Stop buying into the idea of a skincare 'holy grail'
Before deepfakes and alternative facts, the online world was already telling us fibs. In our series Lies the Internet Told Me, we call 'em all out.
The term "holy grail" has become standard in beauty reviews and in online communities dedicated to skincare. The phrase generally refers to a skincare product so effective that it can singlehandedly transform someone's skin for the better. Sure, other products may lend an assist, but the holy grail — like its Biblical counterpart — is the one with the miraculous powers.
Dozens of beauty articles are dedicated to holy grails: reviews, "top-shelf" profiles, product roundups sourced from Reddit or gleaned from other beauty writers. The same brands and products — Drunk Elephant's Vitamin C serum, Sunday Riley's Good Genes, Glossier's Solution, and CeraVe's Hydrating Face Wash — are praised frequently.
"Okay so I know this is an investment but TRUST ME it's the best investment you can make in your face," reads one review of Good Genes. (The post is sponsored by Sephora.) "I would die for this."
"Ask a person with sensitive skin what their holy-grail product is and there's a 99% chance they'll say Cetaphil," notes another blurb.
While these testimonials don't explicitly declare the products universally good, it's implied that they're reliable investments for people looking to improve their skin. (So reliable, in fact, that they're worth the often — though not always — staggering cost. At Sephora, Good Genes costs $105 per ounce.)
It's true that some skincare products work for more people than others. It's true that some skincare products contain fewer common irritants than others. But there is no single product able to transform every type of skin on Earth. There is no actual holy grail.
Dr. Tara Rao, a dermatologist at Schweiger Dermatology Group in NYC, said in an interview that she doesn't often hear the term around her office. When she sees it online, however, she takes it with a grain of salt. Holy grails are "products that someone finds highly effective that are not going to be appropriate or effective for everyone," she said.
If you're a skincare enthusiast, you're probably thinking, Duh. Of course not every skincare product works for everyone. But for people getting into skincare for the first time, the constant framing of certain products as magical cure-alls can lead to some seriously fruitless investments.
When I decided to start a skincare routine in earnest, I was particularly susceptible to holy-grail messaging. I had just moved to NYC, and with the city air came new irritations my sensitive skin didn't know how to handle. Unfortunately, I also had no money, so I opted for one of the least expensive, most beloved cleansers out there: Cetaphil.
For the first few days, I didn't notice any improvements, but my skin seemed fine. Then, suddenly, my face erupted in painful acne that simply wouldn't go away. I exfoliated, I spot-treated, I did nothing except cleanse and moisturize. It didn't matter. Every remedy proved useless.
The only thing I didn't do was stop using the Cetaphil, which I figured was so innocuous it couldn't possibly be causing the problem. But when I accidentally left it at home during a trip and used a different cleanser for a week, my skin cleared up. That's when I realized: This holy grail did not work for me at all.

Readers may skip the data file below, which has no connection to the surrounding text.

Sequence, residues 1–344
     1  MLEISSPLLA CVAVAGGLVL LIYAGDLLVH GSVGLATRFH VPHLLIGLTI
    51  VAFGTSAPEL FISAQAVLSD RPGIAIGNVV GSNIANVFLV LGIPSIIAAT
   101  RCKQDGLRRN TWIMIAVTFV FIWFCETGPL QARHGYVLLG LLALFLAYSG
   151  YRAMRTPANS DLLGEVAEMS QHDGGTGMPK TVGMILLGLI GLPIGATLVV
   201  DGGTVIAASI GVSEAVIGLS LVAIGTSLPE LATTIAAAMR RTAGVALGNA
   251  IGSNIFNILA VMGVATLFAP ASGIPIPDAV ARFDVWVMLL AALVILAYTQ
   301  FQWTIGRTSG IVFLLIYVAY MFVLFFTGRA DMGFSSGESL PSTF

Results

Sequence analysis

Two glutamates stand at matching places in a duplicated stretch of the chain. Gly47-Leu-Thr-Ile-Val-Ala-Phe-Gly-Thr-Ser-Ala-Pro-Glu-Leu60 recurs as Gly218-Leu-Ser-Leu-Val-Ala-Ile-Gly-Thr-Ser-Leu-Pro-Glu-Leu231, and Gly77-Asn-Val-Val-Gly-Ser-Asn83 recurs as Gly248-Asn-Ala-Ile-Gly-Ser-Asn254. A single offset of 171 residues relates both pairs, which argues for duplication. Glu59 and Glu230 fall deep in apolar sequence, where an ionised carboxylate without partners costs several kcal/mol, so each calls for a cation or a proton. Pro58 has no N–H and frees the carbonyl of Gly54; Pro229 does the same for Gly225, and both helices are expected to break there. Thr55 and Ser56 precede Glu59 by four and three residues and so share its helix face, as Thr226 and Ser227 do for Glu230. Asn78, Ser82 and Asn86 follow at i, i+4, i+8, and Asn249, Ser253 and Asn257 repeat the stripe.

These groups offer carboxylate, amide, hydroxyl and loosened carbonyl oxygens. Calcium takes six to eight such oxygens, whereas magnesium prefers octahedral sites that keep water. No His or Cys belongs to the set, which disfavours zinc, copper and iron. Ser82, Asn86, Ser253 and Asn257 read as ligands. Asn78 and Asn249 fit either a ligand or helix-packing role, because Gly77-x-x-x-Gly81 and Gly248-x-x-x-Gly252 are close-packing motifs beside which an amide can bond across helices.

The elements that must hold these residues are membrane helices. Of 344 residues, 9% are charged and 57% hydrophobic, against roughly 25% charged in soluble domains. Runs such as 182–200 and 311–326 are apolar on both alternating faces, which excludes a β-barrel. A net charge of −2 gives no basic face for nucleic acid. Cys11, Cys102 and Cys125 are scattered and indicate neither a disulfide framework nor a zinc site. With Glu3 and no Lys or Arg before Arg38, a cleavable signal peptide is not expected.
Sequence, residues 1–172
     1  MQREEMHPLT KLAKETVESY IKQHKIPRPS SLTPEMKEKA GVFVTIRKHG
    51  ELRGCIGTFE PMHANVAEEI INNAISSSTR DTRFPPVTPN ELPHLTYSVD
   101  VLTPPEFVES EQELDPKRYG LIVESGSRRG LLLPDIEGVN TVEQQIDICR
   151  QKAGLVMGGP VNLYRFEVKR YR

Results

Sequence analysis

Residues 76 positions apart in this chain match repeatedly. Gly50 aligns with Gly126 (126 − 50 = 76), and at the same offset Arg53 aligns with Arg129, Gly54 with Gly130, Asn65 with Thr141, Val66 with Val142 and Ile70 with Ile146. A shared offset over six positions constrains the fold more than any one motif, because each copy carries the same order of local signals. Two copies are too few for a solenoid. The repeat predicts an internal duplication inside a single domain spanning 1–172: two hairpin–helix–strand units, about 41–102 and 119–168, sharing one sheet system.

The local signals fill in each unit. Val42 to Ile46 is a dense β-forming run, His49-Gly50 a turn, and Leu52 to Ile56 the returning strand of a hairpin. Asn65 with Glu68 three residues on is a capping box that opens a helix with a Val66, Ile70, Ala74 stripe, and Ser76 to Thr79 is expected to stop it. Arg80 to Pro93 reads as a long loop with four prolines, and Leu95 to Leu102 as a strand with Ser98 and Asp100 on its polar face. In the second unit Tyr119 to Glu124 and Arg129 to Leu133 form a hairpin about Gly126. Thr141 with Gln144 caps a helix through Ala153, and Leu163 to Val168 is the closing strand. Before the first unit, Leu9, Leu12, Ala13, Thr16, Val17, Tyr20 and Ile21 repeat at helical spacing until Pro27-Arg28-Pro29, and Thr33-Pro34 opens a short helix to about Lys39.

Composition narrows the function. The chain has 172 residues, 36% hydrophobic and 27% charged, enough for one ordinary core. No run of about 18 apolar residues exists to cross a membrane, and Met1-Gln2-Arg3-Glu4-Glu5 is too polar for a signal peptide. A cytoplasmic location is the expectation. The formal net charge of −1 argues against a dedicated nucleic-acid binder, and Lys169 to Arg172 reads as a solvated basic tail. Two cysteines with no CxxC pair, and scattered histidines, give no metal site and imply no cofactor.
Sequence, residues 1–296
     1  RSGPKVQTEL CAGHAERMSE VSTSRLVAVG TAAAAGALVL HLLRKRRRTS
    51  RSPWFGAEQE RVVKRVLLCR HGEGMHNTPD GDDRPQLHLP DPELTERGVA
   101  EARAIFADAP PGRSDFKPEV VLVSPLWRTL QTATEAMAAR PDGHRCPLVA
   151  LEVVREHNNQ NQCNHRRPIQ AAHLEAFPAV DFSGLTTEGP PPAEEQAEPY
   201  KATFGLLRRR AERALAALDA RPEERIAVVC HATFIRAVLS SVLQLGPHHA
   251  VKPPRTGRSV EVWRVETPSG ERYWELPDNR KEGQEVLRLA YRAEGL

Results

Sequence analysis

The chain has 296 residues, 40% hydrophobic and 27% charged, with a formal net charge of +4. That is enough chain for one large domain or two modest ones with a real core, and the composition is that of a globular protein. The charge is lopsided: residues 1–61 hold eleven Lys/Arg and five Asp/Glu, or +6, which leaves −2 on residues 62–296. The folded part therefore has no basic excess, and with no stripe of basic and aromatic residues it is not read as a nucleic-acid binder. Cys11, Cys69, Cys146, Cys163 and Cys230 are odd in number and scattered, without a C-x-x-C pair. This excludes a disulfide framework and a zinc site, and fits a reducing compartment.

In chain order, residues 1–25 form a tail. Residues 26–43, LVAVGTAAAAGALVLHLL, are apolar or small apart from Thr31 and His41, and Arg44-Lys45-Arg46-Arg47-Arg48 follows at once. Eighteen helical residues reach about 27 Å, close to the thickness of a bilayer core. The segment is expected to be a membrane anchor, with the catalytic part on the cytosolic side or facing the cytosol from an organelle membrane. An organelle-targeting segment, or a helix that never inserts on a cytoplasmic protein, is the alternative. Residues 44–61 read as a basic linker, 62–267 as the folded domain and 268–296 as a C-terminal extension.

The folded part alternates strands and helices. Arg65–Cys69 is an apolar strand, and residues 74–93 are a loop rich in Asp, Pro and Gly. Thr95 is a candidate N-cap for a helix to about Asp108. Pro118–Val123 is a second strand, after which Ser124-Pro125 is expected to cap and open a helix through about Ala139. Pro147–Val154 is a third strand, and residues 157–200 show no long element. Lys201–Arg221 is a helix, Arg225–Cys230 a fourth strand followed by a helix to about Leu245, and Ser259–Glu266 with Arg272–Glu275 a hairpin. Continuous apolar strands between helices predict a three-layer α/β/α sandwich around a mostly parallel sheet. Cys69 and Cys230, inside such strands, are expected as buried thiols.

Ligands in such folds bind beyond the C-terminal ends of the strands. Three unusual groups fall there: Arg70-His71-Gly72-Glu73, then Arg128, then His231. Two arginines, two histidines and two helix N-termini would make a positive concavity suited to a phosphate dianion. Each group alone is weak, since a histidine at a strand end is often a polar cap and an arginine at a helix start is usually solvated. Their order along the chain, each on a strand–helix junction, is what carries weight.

Even if a holy grail doesn't outright damage the skin, it can make the consumer feel like they've made a useless purchase. Martha, a creative professional in Brooklyn, had that experience with Drunk Elephant's C-Firma, a much-lauded vitamin C serum that costs $80 per ounce. She didn't hate the serum, and it didn't hurt her skin. Ultimately, though, she felt like it wasn't doing anything.
"I never noticed major changes and felt like it wasn’t worth it to keep buying it in case it might change my skin for the better," she explained via Twitter DM. "I’m impatient — and have found products that make me look glow-y right away as opposed to [far] down the line."
Holy-grail culture has much to do with brands' focus on providing what appears to be quick, straightforward gratification. This idea permeates shopping culture, from Amazon Prime to Seamless to the pre-made cheese plates at Starbucks. Beauty brands are no exception. Take Glossier, for instance. Its exfoliator, Solution, is referred to on the company's website as an "exfoliating skin perfecter." Its mission? To "transform." Damn! Sounds like a holy grail, no? (Like everything else, it is not: Three people told me over Twitter DM that they noticed virtually no change in their skin after making Solution part of their routine.)
Brands, being brands, will try to get you to buy their stuff. This is just marketing, which is not a new idea. But as far as skincare is concerned, buying into the idea of a magical "perfecter" is a recipe for disaster.
A skincare routine, after all, is mostly developed through boring old trial-and-error, probably with several false starts. According to Dr. Rao, you should give a new product around four to six weeks before you know if it's actually working — unless, of course, you have a reaction (looking at you, Cetaphil), in which case it's OK to abandon ship. It's also important to introduce only one new product at a time. If you're incorporating your entire Sephora haul at once, you won't be able to tell which products are helping and which are hurting.
Most importantly, don't feel like you have to try a skincare product because a lot of people (or affiliate-linked product roundups) endorse it. There are thousands of choices out there, and the ones that work for you could be anything: cheap, expensive, prescription, from the wellness aisle at Whole Foods. But you're not going to know what they are from reading MakeupAlley. You actually have to put them on your face.
via Mashable http://bit.ly/2DCFv97
June 21, 2019 at 10:12AM